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For fans of Hong Kong cinema it is a very special treat.

DVD Review: Above the Law

Written by Jámon Y. Huevos

The mid-80s Hong Kong action film, Above the Law, directed by Cory Yuen, begins with a bang – a whole bunch of bangs. Bullets fly, cars crash, feet hit noses. It’s everything one would expect from the genre. However, it’s pretty tough to get into this film, but you’ve got to stick with it if you’re a fan of high-octane action on a dime budget.

Nobody is going to accuse Above the Law of having a deep plot or great acting. In fact, the first twenty minutes are nearly bad enough to knock you out of the film for good. Then four cars attempt to simultaneously hit our star (Yuen Biao) in a parking garage. It’s a great scene with amazing stunts and extremely well placed ramps leading up the backs of the ubiquitous Mitsubishis. These are real stunts, too; the old-fashioned, non-CGI kind that blow your mind. Sure, you sometimes see the ropes and pulleys, but you also see the very real sweat, pained contortions, and smatterings of genuine human blood.

Cynthia Rothrock and Peter Cunningham have great moments in Above the Law. Brought in to help sell the film overseas, both martial arts experts are truly incredible on screen. They have lame dialogue, stupid entrances and exits, bad hairdo’s, but, holy cow, they kick a ton of ass. Cunningham is especially devious as an assassin with the world’s tiniest heart. After killing all the adults in the room, he blows up the leftover children from a distance. Dang, that’s a tough-hearted dude.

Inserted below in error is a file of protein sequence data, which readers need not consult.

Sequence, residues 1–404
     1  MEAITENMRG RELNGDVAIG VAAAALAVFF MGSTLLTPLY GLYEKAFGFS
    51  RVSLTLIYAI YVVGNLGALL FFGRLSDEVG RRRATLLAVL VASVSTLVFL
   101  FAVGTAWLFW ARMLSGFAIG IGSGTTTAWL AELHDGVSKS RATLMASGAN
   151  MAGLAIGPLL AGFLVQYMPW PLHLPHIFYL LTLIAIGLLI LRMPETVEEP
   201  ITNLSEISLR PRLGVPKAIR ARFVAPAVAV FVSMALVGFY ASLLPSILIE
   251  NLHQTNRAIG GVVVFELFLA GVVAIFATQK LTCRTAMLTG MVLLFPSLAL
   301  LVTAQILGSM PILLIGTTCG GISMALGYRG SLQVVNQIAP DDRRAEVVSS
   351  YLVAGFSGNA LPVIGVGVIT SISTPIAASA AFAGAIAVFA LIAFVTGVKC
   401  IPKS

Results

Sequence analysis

Halfway through you will realize there is not going to be a happy ending. In fact, this is the double-downer version of the film. Even the alternate endings don’t add much hope. One alternate ending is even more brutal, and that’s with somebody surviving. Those alternate endings are fun to watch; in fact, the special features are what sold me on Above the Law. It was the long interviews with Yuen Biao, Cynthia Rothrock, and Peter Cunningham that ended up giving the film a bit of much needed depth and placing it squarely in its moment in history.

Above the Law is for Hong Kong cinema fans. Nobody else is going to be won over by this over-the-top presentation. For fans, though, it is a very special treat.

About Gordon S. Miller

Gordon S. Miller is the artist formerly known as El Bicho, the nom de plume he used when he first began reviewing movies online for The Masked Movie Snobs in 2003. Before the year was out, he became that site's publisher. Over the years, he has also contributed to a number of other sites as a writer and editor, such as FilmRadar, Film School Rejects, High Def Digest, and Blogcritics. He is the Publisher of Cinema Sentries. Some of his random thoughts can be found at twitter.com/ElBicho_CS

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